There is an excellent Lost rewatch podcast that I am obsessed with called The Storm: A Lost Rewatch Podcast. They recently made a great observation of the difference between Kate’s relationship with Jack and Sawyer. Essentially, Kate was who she wanted to be when she was with Jack and was who she already was with Sawyer. The triangle – while complicated a lot of the time – was a fascinating way to understand how not just Kate was as a person, but Jack and Sawyer as well.

While Buffy the Vampire Slayer and Lost weren’t perfect when it came to love triangles, they weren’t bad either. They were able to strike a balance between having the love triangle be a central part of the show but not be too overpowering. They more so used the love triangle to their advantage which other shows that are known notoriously for their love triangles didn’t.     

One Tree Hill, despite being one of my favorite shows of all time, is a prime example of how a love triangle can cause more harm than good. Anyone who has ever seen the early 2000s drama is all too familiar with the Peyton, Lucas, and Brooke love triangle. And it made sense in the beginning – Lucas’ indecisiveness between these two amazing women made for some interesting and dramatic television. But as seasons went on with the love triangle still being a main story-line for the three characters, it really made you wonder if it was necessary at all.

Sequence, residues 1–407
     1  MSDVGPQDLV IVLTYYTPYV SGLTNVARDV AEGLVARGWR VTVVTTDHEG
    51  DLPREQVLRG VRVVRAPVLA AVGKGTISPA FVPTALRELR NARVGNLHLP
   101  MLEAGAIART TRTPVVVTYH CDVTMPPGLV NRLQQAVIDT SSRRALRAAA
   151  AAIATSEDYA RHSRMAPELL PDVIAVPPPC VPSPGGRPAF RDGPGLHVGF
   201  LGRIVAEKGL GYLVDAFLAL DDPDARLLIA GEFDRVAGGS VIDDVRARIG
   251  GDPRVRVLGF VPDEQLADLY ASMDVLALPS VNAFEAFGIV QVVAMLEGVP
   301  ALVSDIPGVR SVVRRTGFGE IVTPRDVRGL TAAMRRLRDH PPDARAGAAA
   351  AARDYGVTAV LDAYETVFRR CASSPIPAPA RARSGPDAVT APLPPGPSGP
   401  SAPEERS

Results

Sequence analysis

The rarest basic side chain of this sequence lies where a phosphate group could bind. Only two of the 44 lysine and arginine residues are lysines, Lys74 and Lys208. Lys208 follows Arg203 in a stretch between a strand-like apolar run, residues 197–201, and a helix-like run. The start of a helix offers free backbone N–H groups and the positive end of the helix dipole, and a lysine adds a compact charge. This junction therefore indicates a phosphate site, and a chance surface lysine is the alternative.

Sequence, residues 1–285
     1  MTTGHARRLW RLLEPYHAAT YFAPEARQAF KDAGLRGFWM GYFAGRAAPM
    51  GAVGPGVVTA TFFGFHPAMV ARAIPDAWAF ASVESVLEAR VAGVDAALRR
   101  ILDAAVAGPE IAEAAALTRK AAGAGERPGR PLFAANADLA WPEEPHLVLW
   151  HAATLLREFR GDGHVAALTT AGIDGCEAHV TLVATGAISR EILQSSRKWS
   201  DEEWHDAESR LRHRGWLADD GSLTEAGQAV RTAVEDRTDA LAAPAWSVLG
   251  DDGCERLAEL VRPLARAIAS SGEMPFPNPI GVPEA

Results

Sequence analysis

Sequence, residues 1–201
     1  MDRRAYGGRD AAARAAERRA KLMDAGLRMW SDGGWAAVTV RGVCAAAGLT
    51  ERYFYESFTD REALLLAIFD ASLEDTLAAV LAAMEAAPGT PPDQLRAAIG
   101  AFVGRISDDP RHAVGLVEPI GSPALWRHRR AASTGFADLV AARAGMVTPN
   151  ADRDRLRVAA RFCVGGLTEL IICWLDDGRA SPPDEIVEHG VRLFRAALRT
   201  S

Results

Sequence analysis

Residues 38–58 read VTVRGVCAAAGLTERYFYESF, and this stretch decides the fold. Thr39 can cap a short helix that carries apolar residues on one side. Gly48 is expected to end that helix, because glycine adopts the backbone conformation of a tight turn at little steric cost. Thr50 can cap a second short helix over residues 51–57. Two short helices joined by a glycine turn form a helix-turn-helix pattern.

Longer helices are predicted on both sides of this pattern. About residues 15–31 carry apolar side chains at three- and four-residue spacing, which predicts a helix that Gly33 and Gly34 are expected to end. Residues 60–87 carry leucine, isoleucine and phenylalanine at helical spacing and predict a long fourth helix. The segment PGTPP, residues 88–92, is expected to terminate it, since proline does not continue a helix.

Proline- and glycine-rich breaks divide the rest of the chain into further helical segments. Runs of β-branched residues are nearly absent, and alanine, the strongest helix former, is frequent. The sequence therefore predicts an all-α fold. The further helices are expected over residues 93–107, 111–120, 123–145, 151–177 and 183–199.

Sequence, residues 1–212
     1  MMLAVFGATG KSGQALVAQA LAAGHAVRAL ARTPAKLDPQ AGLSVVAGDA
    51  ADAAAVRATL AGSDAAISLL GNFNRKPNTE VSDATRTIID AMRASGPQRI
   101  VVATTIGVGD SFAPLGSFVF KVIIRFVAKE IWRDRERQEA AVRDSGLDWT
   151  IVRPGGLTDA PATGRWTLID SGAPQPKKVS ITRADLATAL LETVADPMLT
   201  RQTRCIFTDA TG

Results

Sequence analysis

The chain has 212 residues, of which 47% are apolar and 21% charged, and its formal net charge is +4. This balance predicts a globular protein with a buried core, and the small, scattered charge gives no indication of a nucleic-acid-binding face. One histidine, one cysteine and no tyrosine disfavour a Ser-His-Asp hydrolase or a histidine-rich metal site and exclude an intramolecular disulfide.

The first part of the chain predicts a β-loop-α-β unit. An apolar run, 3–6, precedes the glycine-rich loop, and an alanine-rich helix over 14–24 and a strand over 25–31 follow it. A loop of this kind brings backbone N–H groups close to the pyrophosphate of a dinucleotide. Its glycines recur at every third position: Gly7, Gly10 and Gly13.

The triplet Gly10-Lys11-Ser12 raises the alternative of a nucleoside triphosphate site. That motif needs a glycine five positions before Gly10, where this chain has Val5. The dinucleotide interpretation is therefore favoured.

And it wasn’t the viewers who paid the price for this drawn-out love affair – it was the relationship between Brooke and Peyton.

I guess a lot of male show-runners tend to think that we only care about a relationship so long as there is a male counterpart. But Brooke and Peyton were, a lot of the time, the heart and soul of One Tree Hill often showing viewers what a great friendship can be. However, their friendship was often sacrificed so that one portion of the love triangle with Lucas could succeed. While no friendship is perfect, I’m hard-pressed to believe that any man should be deemed more important than your childhood best friend.

It just goes to show how messy a love triangle can become. After all, it only took a psycho stalker to mend the wound between Brooke and Peyton.

When love triangles are done properly, it can be a great tool used to explore different characters and relationship dynamics. Sometimes, there is nothing I like more than a good love triangle. Other days, they make me want to pull my hair out.